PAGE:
The proteinase inhibitors of plants and micro-organisms

@article{Richardson1977ThePI,
  title={The proteinase inhibitors of plants and micro-organisms},
  author={M. Richardson},
  journal={Phytochemistry},
  year={1977},
  volume={16},
  pages={159-169}
}
Abstract Recent (post-1972) advances in our knowledge of the proteinase inhibitors of plants and micro-organisms are reviewed. Details of the specificity, occurrence and distribution of these proteins are summarized, and modern methods for their isolation, purification and assay are discussed. Certain homologies revealed by comparison of the amino acid sequences of several inhibitors are noted. Details of their reactive (inhibitory) sites are tabulated and discussed in relation to the proposed… Expand
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Naturally occurring α-amylase inhibitors: Structure/function relationships
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Two protein inhibitors of the tryptophan synthase inactivating yeast proteinase B were purified from boiled bakers' yeast extract and are very stable in the pH range of 1 to 10, but they are easily destroyed by incubation with proteinase A and, less effectively, withproteinase B. Expand
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TLDR
The cumulative data suggest that inhibitor I is a major depot or interim storage protein and that its existence in any particular tissue is under complex controls by both the internal and external environments of the plants. Expand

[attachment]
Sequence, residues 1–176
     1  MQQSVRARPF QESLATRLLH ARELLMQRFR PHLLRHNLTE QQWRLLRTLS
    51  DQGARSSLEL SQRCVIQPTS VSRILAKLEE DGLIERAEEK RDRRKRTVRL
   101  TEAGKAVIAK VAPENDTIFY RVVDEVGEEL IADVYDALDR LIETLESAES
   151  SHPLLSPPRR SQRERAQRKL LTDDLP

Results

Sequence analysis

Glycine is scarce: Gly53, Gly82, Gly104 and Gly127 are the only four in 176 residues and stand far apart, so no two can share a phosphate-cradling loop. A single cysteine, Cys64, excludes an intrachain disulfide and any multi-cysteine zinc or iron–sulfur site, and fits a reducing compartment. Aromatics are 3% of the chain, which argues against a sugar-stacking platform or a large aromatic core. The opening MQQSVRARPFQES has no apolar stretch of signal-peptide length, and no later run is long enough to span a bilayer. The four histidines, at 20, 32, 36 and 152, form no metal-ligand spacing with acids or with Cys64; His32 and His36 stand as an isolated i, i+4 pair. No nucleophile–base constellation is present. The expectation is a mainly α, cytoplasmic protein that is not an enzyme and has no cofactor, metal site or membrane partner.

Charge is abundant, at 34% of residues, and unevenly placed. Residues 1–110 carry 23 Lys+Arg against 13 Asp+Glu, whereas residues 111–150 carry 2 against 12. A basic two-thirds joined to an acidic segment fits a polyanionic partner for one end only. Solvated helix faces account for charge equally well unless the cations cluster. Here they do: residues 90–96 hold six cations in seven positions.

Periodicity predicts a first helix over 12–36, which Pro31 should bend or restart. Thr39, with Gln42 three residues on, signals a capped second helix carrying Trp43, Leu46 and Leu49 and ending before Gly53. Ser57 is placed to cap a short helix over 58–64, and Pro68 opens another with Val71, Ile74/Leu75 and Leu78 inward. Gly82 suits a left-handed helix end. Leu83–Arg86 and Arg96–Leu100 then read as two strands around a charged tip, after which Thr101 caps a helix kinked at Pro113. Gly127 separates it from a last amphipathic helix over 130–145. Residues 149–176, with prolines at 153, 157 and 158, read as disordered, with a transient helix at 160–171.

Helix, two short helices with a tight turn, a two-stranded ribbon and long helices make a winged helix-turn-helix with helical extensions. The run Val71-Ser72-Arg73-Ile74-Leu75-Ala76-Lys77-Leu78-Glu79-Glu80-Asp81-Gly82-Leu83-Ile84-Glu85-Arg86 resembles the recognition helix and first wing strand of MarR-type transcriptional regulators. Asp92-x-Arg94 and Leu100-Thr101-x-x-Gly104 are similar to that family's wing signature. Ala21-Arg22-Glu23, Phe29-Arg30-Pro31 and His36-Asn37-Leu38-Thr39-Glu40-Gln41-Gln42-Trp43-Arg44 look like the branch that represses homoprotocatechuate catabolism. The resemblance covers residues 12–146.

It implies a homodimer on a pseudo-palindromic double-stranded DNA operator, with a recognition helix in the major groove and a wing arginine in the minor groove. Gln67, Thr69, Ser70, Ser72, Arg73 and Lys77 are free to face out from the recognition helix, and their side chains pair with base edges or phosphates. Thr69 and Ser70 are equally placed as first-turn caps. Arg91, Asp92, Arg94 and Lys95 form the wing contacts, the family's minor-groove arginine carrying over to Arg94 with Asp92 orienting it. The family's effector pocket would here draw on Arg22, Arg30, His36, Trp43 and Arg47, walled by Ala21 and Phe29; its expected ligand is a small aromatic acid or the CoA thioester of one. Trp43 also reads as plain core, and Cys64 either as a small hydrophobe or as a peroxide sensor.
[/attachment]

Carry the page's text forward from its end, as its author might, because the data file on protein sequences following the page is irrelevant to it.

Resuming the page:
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TLDR
Evidence is presented that the PIIF-induced accumulation of Inhibitor I, determined immunologically, is accompanied by the accumulation of other trypsin and chymotrypsin inhibitors, determined enzymatically. Expand
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TLDR
The activities of trypsin inhibitors and Aspergillus-proteinase inhibitors have been assayed in barley embryos germinating in different conditions and all the activity appeared to be due to the inhibitor species present in resting embryos. Expand
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TLDR
An inhibitor affecting subtilisin was isolated from barley by extraction with 1% sodium chloride, fractionation with ammonium sulfate, chromatography on CM- and DEAE-cellulose columns, and gel filtration on Sephadex G-100, and appears to be distinct from the barley microbial proteinase isoinhibitors reported by Mikola and Suolinna in respect of most of its physiochemical and inhibitory properties. Expand
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